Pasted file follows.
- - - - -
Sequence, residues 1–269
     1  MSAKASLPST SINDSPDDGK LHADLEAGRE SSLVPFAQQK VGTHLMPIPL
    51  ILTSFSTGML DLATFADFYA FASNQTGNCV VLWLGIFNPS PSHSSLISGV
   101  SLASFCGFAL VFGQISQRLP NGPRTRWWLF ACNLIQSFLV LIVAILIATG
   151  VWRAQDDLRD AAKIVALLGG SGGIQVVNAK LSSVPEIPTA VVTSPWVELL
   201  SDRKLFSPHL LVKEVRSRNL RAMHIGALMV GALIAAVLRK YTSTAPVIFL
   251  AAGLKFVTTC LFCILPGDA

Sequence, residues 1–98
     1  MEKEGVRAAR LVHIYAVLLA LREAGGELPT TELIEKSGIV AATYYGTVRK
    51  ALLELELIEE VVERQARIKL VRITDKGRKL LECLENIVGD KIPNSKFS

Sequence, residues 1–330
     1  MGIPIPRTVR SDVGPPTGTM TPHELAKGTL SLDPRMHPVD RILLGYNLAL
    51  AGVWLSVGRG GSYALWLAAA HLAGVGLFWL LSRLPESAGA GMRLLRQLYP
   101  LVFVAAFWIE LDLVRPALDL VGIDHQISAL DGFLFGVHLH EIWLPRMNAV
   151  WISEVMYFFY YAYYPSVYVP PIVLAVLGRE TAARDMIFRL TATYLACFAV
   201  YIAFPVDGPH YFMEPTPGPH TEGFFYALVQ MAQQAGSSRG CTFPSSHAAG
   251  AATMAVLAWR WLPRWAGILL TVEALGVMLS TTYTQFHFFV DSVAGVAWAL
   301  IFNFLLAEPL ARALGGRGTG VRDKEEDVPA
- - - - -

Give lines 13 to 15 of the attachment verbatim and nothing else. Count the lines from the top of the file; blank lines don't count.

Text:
    51  AGVWLSVGRG GSYALWLAAA HLAGVGLFWL LSRLPESAGA GMRLLRQLYP
   101  LVFVAAFWIE LDLVRPALDL VGIDHQISAL DGFLFGVHLH EIWLPRMNAV
   151  WISEVMYFFY YAYYPSVYVP PIVLAVLGRE TAARDMIFRL TATYLACFAV